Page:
Let's take Project One once again.

Starting with the return of 0%,

the distance from the expected return of 10% is minus 10%.

Step 2, we square that number and get 1%.

Step 3, we multiply that number, 1%,

by the likelihood that the initial return would occur,

which is 20% and we get 0.2%.

Doing this for each of the three possible outcomes of Project One yields a total

sum of square differences of 0.4%,

which is what we refer to as the project's variance, as denoted by sigma squared.

The square root of this number is 6.32%, which is the project's standard deviation.

So we go on and we repeat this for Projects Two and Three.

And as our intuition told us earlier,

we find that Project Two is riskier than Project One.

And Project Three is riskier than Project Two.

Project One has a standard deviation of returns of 6.32% per annum.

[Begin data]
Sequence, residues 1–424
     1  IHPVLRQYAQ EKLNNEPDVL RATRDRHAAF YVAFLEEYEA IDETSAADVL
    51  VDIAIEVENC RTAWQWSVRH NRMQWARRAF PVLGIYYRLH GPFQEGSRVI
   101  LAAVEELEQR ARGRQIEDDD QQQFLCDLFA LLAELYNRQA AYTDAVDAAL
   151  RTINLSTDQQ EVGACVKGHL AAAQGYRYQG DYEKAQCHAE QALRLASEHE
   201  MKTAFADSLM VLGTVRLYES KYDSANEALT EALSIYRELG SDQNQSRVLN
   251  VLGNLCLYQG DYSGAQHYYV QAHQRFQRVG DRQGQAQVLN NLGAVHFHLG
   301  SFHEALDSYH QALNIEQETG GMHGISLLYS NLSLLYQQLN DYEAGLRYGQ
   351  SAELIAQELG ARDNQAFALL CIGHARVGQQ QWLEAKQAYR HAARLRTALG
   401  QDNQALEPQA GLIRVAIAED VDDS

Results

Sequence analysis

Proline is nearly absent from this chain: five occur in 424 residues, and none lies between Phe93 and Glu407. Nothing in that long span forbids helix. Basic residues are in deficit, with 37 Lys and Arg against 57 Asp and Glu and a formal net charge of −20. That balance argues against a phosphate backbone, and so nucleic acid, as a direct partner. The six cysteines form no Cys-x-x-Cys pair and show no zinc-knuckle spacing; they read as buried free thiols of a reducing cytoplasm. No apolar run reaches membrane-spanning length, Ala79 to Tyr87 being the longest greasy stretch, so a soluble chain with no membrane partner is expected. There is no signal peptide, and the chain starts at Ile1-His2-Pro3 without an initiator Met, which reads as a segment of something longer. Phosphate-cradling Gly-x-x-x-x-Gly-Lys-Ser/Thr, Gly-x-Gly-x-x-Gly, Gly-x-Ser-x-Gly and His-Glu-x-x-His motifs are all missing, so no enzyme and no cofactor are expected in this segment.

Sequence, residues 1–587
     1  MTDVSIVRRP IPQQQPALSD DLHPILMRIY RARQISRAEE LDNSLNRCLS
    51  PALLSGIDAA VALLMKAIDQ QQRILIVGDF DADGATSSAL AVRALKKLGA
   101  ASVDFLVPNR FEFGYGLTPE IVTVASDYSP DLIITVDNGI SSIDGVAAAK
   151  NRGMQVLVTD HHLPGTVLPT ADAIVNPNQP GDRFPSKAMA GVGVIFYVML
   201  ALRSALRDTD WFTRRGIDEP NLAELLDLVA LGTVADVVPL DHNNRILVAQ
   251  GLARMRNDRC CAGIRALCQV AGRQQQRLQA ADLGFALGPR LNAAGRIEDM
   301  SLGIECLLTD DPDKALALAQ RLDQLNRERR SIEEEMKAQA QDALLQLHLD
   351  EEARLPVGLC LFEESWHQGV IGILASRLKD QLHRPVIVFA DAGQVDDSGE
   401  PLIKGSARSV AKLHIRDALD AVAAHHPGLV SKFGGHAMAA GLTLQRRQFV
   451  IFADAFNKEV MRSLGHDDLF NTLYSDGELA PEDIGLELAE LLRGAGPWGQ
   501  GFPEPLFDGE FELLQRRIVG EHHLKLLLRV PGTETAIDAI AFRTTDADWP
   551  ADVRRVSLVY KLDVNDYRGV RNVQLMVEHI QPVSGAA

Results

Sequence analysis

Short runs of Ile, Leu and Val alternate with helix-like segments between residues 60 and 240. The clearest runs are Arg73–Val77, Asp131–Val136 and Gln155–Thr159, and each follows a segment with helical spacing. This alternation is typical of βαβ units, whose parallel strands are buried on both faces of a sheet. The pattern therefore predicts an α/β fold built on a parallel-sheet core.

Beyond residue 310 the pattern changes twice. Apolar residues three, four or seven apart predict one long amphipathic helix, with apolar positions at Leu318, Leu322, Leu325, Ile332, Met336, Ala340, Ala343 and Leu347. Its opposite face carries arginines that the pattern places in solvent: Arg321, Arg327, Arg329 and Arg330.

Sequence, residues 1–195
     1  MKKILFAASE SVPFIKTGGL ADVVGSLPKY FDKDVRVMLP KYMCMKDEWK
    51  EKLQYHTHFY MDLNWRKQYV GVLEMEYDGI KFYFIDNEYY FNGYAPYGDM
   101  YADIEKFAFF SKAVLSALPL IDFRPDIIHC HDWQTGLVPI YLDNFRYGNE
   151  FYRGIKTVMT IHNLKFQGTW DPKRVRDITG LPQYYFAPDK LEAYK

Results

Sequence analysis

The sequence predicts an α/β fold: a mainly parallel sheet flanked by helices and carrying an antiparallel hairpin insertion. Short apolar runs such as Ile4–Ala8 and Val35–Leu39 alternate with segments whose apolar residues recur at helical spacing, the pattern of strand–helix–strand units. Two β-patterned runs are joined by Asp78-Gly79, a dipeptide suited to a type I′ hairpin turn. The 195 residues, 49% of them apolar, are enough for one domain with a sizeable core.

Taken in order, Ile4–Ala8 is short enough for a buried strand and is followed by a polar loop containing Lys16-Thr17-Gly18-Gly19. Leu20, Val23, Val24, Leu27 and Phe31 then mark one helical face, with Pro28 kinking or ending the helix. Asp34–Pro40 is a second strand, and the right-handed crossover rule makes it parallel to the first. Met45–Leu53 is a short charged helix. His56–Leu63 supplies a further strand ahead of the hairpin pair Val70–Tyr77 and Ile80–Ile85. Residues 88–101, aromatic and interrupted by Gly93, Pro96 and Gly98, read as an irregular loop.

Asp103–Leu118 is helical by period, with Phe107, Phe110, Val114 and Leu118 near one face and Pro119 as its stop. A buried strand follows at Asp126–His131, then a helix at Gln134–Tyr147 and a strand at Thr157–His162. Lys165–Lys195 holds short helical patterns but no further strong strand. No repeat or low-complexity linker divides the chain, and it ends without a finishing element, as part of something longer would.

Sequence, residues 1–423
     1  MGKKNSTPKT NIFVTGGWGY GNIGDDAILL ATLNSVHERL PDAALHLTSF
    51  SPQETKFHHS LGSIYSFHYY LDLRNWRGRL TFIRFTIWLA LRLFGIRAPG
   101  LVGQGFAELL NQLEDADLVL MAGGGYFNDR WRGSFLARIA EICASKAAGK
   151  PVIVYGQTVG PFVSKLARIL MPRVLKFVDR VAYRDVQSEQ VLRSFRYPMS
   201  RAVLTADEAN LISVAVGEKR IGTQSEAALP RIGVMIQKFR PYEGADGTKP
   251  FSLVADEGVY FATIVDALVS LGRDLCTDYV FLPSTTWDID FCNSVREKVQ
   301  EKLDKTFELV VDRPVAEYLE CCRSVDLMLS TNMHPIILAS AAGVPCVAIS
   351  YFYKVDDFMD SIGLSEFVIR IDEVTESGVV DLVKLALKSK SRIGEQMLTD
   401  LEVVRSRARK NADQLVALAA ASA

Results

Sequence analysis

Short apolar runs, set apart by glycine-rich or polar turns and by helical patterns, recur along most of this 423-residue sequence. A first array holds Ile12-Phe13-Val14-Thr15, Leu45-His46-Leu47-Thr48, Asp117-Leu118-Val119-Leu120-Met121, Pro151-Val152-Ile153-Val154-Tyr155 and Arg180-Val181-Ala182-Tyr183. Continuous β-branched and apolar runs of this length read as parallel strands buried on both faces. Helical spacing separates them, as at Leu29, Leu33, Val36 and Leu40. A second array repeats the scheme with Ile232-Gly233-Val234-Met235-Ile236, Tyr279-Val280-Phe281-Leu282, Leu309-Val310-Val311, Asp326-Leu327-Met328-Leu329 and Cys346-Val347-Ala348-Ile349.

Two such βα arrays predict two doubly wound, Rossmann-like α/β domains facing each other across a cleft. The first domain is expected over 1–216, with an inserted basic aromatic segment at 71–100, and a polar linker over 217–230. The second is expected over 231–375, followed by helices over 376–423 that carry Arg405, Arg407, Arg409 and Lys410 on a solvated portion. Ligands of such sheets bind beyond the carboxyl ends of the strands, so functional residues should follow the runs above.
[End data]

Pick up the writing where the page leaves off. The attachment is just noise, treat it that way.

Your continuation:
Project Two a standard deviation of returns of 10.95% per annum,

and Project Three 19.9% per annum standard deviation.

Well that's well in good if you're the CEO of a large listed company,

who can go order his or her minions, to go off and

collect the intricate data required to build the histograms needed to

then estimate project risk and expected return.

But what if your out on your own?

Lets say you're trying to get a hand on the risk of the shares

of different companies.

Well the good news is that's relatively straight forward.